Anthropology, Department of


Date of this Version



R.J. Hartley, "Signifying the Place of Unforgettable Memory: Atrocity and Trauma in a Post-Conflict Landscape," Anthropology Faculty Publications, University of Nebraska-Lincoln, 2014.


Copyright (c) 2014 Ralph J. Hartley.

This paper is a reflection on the author’s assistance to Physicians for Human Rights (U.S.) and the United Nations with forensic investigations in Rwanda and the former Yugoslavia during the 1990s. The views expressed in this essay are those of the author alone and do not represent the policies or views of these organizations.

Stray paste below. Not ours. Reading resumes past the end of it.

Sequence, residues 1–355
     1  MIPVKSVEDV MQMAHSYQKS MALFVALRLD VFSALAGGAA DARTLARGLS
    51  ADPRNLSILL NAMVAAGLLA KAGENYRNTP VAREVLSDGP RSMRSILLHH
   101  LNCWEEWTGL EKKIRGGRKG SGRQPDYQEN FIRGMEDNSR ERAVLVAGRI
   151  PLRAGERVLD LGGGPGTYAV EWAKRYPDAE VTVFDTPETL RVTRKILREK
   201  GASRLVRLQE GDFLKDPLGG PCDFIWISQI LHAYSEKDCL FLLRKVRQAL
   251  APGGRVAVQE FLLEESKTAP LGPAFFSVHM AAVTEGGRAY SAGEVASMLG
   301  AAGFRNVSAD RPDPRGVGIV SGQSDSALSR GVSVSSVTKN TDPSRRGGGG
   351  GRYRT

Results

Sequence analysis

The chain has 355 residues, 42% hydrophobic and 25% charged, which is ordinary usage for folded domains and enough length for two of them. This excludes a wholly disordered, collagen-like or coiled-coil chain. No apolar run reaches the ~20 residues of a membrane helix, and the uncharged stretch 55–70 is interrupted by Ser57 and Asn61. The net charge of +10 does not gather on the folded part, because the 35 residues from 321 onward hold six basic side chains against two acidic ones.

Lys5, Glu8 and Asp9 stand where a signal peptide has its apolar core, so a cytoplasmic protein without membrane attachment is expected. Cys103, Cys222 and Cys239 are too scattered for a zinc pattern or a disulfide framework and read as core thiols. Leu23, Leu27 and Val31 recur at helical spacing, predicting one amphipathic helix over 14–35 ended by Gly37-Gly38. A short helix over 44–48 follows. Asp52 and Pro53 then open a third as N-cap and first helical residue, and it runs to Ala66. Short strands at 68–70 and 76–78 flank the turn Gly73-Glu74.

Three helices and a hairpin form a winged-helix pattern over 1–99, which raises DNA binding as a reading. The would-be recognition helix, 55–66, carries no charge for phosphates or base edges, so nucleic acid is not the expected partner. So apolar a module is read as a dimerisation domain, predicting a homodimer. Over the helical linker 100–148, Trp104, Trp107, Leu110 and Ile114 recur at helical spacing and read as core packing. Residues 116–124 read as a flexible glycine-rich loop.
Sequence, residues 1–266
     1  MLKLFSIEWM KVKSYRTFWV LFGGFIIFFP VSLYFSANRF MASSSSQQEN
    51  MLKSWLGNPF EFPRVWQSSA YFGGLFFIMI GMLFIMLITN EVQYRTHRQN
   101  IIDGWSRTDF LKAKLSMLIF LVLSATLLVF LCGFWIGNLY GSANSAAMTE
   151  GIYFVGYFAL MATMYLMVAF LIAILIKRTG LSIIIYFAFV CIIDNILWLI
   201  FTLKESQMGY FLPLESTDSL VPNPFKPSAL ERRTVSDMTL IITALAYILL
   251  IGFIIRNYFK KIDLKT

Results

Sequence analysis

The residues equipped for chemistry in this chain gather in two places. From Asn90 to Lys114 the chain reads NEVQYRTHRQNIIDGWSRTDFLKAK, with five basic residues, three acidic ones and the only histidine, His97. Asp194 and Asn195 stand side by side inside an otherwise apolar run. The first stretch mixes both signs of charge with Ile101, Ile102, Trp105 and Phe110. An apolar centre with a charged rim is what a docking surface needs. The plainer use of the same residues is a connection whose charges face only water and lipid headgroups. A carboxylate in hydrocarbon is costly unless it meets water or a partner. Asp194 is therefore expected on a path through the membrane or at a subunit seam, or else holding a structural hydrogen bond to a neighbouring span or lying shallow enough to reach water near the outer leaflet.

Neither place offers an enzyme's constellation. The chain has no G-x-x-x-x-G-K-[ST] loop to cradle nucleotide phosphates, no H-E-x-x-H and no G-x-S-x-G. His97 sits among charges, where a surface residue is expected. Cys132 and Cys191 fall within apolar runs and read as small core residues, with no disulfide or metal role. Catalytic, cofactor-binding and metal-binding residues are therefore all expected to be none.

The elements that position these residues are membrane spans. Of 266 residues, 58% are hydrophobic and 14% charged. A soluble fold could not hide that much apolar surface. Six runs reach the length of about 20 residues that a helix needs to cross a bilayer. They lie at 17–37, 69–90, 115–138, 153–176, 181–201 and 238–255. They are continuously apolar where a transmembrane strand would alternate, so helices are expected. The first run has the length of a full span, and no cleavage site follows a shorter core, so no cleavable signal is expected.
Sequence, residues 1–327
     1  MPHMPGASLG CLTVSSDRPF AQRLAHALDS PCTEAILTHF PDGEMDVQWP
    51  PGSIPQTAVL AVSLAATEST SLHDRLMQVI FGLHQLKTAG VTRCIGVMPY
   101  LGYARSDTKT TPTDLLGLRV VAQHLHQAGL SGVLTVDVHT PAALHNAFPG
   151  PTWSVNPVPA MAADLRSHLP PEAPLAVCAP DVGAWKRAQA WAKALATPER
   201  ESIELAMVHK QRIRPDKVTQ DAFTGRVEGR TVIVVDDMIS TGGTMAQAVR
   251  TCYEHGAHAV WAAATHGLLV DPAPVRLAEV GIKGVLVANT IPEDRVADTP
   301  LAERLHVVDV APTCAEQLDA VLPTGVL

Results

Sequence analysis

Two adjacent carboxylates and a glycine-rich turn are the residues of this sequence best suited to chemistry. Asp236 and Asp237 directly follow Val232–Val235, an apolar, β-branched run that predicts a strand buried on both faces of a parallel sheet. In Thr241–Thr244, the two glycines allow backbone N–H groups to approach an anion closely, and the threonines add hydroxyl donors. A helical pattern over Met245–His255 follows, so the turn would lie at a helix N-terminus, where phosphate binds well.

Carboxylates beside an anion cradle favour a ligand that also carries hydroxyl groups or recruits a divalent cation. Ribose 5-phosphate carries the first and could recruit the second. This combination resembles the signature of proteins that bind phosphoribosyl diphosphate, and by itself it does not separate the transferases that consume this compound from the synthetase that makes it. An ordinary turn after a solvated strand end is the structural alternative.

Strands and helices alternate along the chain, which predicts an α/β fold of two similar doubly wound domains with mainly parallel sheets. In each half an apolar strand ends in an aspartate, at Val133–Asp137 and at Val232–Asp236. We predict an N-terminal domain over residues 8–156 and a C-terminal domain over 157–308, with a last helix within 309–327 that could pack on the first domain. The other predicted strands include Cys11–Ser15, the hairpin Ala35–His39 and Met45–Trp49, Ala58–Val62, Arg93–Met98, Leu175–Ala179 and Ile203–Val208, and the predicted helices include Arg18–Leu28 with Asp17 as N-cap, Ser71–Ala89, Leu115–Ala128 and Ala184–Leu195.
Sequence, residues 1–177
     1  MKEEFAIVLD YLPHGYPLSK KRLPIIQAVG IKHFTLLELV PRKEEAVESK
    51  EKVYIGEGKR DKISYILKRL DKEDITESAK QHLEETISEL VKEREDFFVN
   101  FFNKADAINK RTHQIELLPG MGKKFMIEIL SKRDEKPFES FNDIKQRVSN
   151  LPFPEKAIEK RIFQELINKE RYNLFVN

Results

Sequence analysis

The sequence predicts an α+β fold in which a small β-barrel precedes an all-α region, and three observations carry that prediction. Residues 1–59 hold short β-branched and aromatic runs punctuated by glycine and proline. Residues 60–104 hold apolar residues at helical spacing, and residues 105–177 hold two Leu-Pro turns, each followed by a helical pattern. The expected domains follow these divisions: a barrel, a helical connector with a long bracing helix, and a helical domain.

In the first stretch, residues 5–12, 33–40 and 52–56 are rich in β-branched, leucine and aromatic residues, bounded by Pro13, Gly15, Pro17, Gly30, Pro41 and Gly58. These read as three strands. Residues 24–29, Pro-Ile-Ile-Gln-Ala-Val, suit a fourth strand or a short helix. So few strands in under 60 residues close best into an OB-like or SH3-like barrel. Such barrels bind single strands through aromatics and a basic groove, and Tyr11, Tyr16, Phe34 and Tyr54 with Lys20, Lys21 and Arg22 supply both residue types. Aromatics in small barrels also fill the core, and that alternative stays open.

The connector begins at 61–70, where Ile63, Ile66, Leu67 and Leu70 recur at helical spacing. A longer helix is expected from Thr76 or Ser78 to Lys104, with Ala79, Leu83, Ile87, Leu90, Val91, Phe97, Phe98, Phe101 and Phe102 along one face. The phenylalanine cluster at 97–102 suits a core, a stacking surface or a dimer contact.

After active inter-group lethal violence subsides places at which atrocities occurred are often assigned significance, reflecting an altered social topography influenced by ideology that may foster the hardening of socio-ethnic boundary distinctions. While using a comparativist approach, this paper explores the relationships between socio-cultural trauma, places of atrocity, and socio-political polarization. Two sites in the former Yugoslavia and in Rwanda, where highly publicized massacres occurred, illustrate the power of place significance in social environments vulnerable to flare-ups of violent conflict.